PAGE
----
You are holding in your hands the seventh, definitive edition of A Headache in the Pelvis. It is a streamlined edition of a book that we originally published in 2008. Since its publication, the book has been read by tens of thousands, and the feedback from readers has informed our refinements to the protocol, as has our clinical work. Some readers of our book have reported that they have significantly reduced their symptoms by reading about and then applying the methods we describe here. That being said, we cannot recommend using the methods that we describe here on oneself or others without proper supervision from someone competent in these methods. We don’t know how a reader relates to his or her body and do not want to be responsible for actions individuals take, in relationship to themselves, that we cannot supervise and correct when necessary. Pressing on a trigger point for one individual may mean using too little pressure, for another just enough pressure, and for another bruising pressure. The process described in Extended Paradoxical Relaxation may result in a significant relaxation of tension and symptoms in one individual, yet in another individual this instruction may be wholly misinterpreted and result in tension that increases and that sours him on using this method.
Nevertheless, some readers have designed their own programs using our model and have helped themselves. They have written to us with gratitude for our road map. Others have been less successful at doing this on their own.
The basic goal of the Wise-Anderson Protocol is to train patients to become expert in reducing or stopping their own symptoms. We have found that when treatment for pelvic pain by a professional is confined to weekly or biweekly visits without a committed self-treatment daily program of pelvic floor relaxation, stretching, and effective physical therapy self-treatment, it tends to be a tepid intervention. The Wise-Anderson Protocol sees the treatment of pelvic pain as an inside job.
Self-Treatment Is the Core of Our Method
For understandable reasons relating to constraints of time in conventional treatment, training patients in self-treatment tends to be an afterthought in most treatments of pelvic pain. Lip service is given to patient daily self-treatment but with little time for patient training or backup. The Wise-Anderson Protocol makes the training of the patients in doing their treatment its primary goal.
The Wise-Anderson Protocol Is Not Easy or Quick
Most of us are resistant to changing our routine. It is our experience that taking at least two hours or more a day to do one’s home program for at least many months is the bare minimum for our protocol to be effective. Carving out two hours or more from one’s life bumps up against real barriers for most people. These barriers include the huge inertia of a routine shaped by the demands of work and family and a desire for downtime that often makes one feel there is no room for any other activity. Our patients tend to stick to their home practice over the long term when they see that their symptoms are improving.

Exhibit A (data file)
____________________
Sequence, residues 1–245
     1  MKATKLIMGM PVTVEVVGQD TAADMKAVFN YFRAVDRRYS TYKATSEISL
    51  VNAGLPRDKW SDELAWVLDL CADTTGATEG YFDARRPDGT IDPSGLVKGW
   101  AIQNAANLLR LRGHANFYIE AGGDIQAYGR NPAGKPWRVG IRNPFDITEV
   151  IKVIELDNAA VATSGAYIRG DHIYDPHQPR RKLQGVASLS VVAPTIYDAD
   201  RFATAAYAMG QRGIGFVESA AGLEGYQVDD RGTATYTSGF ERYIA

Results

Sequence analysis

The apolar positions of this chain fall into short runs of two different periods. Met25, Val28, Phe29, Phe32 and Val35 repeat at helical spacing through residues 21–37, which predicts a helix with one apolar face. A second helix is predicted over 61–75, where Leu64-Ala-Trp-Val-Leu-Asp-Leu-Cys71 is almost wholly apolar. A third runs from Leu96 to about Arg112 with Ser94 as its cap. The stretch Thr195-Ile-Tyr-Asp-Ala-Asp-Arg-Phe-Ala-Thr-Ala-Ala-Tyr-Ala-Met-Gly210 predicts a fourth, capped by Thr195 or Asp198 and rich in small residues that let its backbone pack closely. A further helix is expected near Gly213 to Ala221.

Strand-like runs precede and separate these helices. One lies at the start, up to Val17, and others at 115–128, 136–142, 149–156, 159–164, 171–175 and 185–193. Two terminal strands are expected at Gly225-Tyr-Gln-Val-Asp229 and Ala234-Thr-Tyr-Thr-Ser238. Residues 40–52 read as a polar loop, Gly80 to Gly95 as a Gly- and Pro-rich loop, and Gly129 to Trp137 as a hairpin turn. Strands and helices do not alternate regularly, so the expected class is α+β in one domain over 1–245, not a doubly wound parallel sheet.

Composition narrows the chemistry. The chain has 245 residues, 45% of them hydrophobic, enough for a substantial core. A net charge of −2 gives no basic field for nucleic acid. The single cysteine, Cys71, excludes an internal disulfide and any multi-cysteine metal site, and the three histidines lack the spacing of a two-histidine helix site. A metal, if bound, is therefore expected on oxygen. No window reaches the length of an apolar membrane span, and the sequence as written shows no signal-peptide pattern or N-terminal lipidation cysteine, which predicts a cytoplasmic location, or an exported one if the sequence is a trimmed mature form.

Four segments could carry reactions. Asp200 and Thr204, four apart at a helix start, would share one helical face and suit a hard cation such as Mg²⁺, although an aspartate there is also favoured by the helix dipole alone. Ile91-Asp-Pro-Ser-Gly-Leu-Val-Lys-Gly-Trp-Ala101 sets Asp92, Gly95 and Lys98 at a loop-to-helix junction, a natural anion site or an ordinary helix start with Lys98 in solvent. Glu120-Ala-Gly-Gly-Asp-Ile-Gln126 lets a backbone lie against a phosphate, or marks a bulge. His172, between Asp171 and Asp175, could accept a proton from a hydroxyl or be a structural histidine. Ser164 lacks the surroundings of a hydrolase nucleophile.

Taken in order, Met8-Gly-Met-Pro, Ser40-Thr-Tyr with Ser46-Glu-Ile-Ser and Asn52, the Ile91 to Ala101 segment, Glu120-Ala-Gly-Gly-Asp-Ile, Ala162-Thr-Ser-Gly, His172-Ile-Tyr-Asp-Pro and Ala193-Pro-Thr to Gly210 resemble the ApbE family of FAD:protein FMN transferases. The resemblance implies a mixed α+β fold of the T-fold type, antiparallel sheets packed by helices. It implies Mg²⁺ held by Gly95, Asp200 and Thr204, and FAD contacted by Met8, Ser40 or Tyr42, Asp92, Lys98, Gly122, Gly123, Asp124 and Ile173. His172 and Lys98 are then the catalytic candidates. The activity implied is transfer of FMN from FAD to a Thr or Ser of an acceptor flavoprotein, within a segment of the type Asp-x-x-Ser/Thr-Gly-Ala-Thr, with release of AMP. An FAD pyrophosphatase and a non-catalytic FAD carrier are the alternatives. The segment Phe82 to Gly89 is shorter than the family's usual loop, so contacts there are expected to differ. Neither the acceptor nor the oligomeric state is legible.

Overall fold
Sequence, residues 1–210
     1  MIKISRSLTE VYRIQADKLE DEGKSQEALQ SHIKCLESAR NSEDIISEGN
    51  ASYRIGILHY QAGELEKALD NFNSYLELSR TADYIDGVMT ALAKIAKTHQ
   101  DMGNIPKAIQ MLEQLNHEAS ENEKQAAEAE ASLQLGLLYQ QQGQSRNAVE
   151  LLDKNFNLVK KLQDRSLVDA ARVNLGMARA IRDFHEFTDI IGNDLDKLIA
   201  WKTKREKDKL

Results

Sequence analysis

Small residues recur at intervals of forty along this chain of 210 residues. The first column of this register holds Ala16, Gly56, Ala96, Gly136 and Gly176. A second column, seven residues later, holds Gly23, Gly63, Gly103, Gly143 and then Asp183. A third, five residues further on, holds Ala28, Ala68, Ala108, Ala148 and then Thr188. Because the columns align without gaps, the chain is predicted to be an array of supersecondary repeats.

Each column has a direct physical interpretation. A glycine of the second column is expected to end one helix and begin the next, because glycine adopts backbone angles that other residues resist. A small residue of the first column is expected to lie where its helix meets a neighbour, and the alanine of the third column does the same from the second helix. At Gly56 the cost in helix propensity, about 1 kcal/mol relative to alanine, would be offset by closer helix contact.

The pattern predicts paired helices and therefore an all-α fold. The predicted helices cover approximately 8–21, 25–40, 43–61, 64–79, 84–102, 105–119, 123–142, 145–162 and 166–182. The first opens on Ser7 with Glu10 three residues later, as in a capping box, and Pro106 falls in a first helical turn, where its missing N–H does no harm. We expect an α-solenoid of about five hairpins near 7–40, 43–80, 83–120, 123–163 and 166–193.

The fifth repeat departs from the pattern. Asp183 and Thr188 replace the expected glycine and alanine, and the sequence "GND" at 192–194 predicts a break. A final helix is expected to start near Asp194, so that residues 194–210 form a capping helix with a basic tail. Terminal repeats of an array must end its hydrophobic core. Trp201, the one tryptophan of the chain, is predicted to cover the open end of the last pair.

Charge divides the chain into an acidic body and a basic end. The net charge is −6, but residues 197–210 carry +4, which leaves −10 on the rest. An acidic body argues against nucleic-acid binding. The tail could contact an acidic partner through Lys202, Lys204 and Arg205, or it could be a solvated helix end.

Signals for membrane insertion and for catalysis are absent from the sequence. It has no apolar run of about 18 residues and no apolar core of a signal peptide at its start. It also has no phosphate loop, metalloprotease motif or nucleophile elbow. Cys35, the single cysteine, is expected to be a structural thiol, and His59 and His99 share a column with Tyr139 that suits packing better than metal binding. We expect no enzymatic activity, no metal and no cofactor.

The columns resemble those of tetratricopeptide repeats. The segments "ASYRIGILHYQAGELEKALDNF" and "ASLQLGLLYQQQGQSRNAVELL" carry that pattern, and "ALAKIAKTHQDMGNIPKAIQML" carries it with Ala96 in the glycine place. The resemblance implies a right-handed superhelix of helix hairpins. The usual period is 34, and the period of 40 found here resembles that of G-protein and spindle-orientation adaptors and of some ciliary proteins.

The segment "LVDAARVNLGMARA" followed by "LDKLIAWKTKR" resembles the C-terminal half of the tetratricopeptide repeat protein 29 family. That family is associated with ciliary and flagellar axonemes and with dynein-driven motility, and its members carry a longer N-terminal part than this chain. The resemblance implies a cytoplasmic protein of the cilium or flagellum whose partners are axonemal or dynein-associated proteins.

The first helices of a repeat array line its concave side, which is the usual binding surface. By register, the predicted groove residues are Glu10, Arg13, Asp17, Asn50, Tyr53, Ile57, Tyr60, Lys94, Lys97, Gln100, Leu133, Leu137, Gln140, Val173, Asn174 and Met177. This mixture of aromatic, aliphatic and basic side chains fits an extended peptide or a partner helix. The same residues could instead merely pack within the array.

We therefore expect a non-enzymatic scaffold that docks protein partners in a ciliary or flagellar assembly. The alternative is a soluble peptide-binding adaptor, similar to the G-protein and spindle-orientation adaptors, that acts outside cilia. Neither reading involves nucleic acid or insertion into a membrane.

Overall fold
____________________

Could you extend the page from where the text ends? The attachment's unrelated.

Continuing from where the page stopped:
In our experience, only the yearning to get out of pain and the related suffering of pelvic pain syndromes is a strong enough motivation for patients to accommodate the self-treatment requirements we describe.
A Road Map of Pelvic Pain Healing
The biggest contribution we have to offer is a new view of the problem of pelvic pain and a road map for its amelioration. If we have done this in writing this book, we have accomplished something important. However this book is used, we hope that the Wise-Anderson Protocol can shine a light on the path of resolving pelvic pain.
The Different Names for Pelvic Pain: The Elephant and the Blind Men
Chronic pelvic pain goes by many names. You will find a comprehensive list in this chapter. It may be called prostatitis by a urologist or coccygodynia or pudendal nerve compression syndrome by a colorectal surgeon. Other names used to describe the same condition include chronic genital pain, prostatodynia, pudendal neuralgia essential anorectal pain, idiopathic pelvic pain, pelvic floor dysfunction, pelvic floor myalgia, levator ani syndrome, and spastic piriformis syndrome. Three specialists may give you three different diagnoses.
There’s an old parable about ten blind men who came upon an elephant. One touched the elephant’s leg and remarked, “Oh, this creature is like a tree trunk.” Another was under the stomach, pushed up, and said, “Oh, no. This creature is like a soft ceiling.” A third pulled the tail and said, “No, this creature is a rope connected to a tree.” All the blind men were right and all the blind men were wrong; their answers were incomplete because they each had access to limited information. Similarly, there’s a lack of communication among many medical specialists; if they all spoke to each other, they would see that they are often talking about the same condition. In this book, we aspire to see the whole elephant.
The Source of Pelvic Pain Symptoms
There is a simple physical basis for chronic pelvic pain symptoms. The seemingly wide array and variability of the symptoms are simply expressions of the same underlying problem, whether you’re a man or a woman. The Wise-Anderson Protocol does not treat the symptoms; instead, it treats what triggers those symptoms. Our approach substantially reduces or abates symptoms in a large majority of qualifying patients who undertake our full protocol.
In this book we will use the terms a headache in the pelvis, chronic pelvic pain syndrome(s), chronic pelvic pain, pelvic pain, and CPPS synonymously to refer to all the conditions discussed.
Diagnoses You May Have Received
• Prostatitis (National Institutes of Health categories)
I. Acute bacterial prostatitis
II. Chronic bacterial prostatitis